Detective Inspector Jack Frost is an unconventional policeman with sympathy for the underdog and an instinct for moral justice. Sloppy, disorganized and disrespectful, he attracts trouble like a magnet.
Gary Sparrow lives in the 1990s with his wife but has a route back to the 1940s where he has a mistress. Gary has a tough time keeping his double-life a secret from the two women as he ... See full summary »
Jakob, a former teacher who lost his job due to the new Communist system, can only stand by and watch as the world around him slowly disintegrates, and fear and suspicion rule the day. Like... See full summary »
Three old men from Yorkshire who have never grown up face the trials of their fellow town citizens and everyday life and stay young by reminiscing about the days of their youth and attempting feats not common to the elderly.
Uniform officers and detectives from Sun Hill police station enforce law and order on a day to day basis. A policeman's job is much more than just catching criminals; in order to survive each day they must deal with frustrating members of the public, and often their own colleagues. From petty thieves to violent drug dealers, life is never easy for the members of the Metropolitan Police Force. Written by
A special live episode (The Bill: 162 (2003)) was broadcast on the 30 October 2003 to celebrate twenty years of the show since the pilot Storyboard: Woodentop (1983). In a shock move the character of DC Juliet Becker (Rae Baker) was stabbed to death by a drunken man (played by Charles Dale), having only been in the show for four months. On the 22 September 2005 a second live episode (The Bill: 349 (2005)) was shown to celebrate the 50th birthday of ITV, the network that broadcasts the show. The storyline involved the armed siege of Sun Hill police station by the distraught father (Stuart Laing) of a boy killed by a car thief. See more »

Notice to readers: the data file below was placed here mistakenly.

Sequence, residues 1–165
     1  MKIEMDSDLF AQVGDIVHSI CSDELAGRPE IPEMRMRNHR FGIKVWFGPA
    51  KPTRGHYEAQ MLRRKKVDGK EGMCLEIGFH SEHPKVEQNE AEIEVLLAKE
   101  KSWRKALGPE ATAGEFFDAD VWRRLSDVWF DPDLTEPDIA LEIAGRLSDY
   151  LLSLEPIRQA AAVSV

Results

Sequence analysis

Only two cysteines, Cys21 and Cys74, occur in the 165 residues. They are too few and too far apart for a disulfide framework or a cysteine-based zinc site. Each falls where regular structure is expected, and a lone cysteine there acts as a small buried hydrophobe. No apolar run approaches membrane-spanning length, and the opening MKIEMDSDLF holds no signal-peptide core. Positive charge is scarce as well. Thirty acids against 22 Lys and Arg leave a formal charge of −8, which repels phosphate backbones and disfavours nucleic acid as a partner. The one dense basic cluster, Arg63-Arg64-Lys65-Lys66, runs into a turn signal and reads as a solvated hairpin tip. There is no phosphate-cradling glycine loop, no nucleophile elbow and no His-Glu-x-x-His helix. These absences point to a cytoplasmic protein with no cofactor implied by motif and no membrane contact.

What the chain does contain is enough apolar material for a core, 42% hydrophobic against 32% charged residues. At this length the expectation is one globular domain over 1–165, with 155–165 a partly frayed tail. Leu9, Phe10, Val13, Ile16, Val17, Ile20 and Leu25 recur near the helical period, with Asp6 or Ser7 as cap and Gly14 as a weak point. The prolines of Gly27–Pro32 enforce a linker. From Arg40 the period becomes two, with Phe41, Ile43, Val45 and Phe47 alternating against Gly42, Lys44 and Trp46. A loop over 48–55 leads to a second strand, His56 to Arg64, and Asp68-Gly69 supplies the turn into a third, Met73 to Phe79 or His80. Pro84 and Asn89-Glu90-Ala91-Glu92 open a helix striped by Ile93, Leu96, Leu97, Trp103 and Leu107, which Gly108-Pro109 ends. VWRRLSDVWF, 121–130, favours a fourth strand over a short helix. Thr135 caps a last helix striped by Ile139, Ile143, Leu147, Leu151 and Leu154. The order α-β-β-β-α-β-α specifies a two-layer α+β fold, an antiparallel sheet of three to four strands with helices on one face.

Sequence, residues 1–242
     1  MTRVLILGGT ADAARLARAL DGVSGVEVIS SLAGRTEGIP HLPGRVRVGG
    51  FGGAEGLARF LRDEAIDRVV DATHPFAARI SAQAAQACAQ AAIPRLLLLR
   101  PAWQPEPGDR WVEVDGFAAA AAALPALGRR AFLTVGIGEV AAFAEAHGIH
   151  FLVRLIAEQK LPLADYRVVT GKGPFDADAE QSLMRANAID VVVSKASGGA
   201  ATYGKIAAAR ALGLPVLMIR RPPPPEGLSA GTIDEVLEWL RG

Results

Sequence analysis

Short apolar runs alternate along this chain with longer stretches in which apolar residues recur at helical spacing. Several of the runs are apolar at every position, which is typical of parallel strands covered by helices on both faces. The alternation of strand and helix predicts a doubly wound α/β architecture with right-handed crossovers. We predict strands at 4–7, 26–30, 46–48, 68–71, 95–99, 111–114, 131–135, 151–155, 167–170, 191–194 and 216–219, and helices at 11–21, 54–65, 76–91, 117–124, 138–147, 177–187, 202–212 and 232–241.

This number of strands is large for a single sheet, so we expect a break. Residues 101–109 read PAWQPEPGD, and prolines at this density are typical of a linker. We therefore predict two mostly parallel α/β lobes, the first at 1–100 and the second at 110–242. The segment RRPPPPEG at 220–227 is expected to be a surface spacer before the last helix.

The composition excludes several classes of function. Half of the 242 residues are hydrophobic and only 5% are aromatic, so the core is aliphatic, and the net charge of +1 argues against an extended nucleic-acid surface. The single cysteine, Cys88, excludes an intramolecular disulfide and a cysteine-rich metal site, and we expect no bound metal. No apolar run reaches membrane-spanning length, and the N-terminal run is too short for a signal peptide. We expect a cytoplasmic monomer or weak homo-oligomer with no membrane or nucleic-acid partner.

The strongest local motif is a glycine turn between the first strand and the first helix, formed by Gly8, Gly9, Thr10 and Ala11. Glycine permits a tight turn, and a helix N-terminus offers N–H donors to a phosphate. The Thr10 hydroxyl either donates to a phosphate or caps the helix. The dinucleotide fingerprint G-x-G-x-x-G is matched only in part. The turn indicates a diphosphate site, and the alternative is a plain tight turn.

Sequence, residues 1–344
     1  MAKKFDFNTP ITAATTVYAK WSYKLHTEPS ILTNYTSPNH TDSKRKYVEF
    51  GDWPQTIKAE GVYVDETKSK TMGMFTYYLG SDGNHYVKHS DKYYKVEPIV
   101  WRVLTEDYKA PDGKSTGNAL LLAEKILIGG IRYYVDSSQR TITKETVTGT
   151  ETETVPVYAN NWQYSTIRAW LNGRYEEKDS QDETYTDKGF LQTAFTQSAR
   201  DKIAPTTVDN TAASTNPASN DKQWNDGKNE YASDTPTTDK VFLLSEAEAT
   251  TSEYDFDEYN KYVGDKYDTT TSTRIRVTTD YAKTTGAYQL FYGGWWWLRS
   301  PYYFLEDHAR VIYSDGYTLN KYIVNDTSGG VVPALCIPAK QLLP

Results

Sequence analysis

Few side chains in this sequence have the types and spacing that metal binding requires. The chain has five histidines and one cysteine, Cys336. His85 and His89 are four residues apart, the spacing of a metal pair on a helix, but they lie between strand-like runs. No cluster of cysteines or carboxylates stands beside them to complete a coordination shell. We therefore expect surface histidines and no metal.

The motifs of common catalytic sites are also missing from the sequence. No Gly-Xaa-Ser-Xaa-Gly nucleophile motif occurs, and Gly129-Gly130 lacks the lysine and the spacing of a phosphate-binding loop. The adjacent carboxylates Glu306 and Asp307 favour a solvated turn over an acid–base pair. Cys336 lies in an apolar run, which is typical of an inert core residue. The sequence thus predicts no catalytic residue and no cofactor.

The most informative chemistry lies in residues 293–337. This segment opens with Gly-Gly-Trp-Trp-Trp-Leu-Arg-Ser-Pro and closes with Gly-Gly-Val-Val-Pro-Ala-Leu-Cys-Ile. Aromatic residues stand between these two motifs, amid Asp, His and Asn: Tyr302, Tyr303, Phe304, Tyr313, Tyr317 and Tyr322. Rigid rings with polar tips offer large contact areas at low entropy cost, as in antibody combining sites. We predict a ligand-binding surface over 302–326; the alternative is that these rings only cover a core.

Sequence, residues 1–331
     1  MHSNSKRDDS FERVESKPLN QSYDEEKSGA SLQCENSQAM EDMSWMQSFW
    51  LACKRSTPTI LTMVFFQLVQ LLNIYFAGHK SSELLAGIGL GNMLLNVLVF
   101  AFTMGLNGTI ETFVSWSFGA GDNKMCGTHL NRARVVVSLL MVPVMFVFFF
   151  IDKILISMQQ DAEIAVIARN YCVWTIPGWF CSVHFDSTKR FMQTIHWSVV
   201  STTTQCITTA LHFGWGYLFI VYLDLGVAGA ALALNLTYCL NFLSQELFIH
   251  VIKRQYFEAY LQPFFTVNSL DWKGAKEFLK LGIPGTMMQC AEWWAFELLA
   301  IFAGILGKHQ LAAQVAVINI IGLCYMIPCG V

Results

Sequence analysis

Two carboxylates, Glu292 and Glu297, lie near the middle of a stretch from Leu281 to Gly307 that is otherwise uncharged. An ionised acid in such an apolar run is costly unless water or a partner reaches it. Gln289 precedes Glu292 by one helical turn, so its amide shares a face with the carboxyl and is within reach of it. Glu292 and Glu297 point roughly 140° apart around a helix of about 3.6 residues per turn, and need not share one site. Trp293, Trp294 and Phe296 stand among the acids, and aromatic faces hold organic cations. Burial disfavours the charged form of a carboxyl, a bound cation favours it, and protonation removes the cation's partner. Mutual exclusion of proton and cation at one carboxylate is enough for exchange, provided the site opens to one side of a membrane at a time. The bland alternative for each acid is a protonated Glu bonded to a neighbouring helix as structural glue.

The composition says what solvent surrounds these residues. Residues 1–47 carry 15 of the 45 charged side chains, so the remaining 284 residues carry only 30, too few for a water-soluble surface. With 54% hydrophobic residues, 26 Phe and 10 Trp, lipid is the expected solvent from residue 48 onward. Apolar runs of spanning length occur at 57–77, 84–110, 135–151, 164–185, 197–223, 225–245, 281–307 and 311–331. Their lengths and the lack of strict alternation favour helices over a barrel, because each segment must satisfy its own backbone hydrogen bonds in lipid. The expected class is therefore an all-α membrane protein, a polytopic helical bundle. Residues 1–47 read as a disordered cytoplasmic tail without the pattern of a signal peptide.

There were actually three versions of the credits featuring the plodding feet. There was a blue-tint version used in the original episodes in the 1980s, a 1990s fuzzy, overcast version and mid-1990s fine weather version. See more »
'The Bill', along with the BBC's medical shows 'Holby City' and 'Casualty' has been transformed from a popular drama series into a straightforward soap opera. The clearest sign of this is the steady replacement of the old cast over recent years with refugees from 'East Enders', 'Coronation Street' and 'Brookside'. The problem with this is that instead of the old format where crimes would be investigated each week with characters' personal lives providing occasional subplots, the two have become merged. Each crime in Sun Hill now involves one of the regular's wife/lover/child/brother etc. Long lost friends and relatives appear out of the blue to be gunned down or abducted. Like Holby City in particular the plots have become ever more sensational and ludicrous. Several of the cast who were to be written out perished in a fire at the Police Station-started by one of the other characters!This character is still in the show and his crime has now been quietly forgotten. Another character was kidnapped and murdered by a female serial killer who was so over the top she practically foamed at the mouth.The Superintendent went mad and shot himself, but not before getting another of the characters pregnant. Every regular is having an affair with or secretly fancies one of the others. At least three of the regular characters are seriously deranged, one is a drug addict and another a complete crook. Some of the characters, including the new ones are engaging and well acted-my interest in the show always revives when Suprintendent Okaro, Inspector Gina Gold or DCI Jack Meadows are involved and actually carrying out police work. The Bill's revamp has apparently increased its audience significantly, but can it avoid sinking under the weight of its increasingly top-heavy and absurd plotlines?
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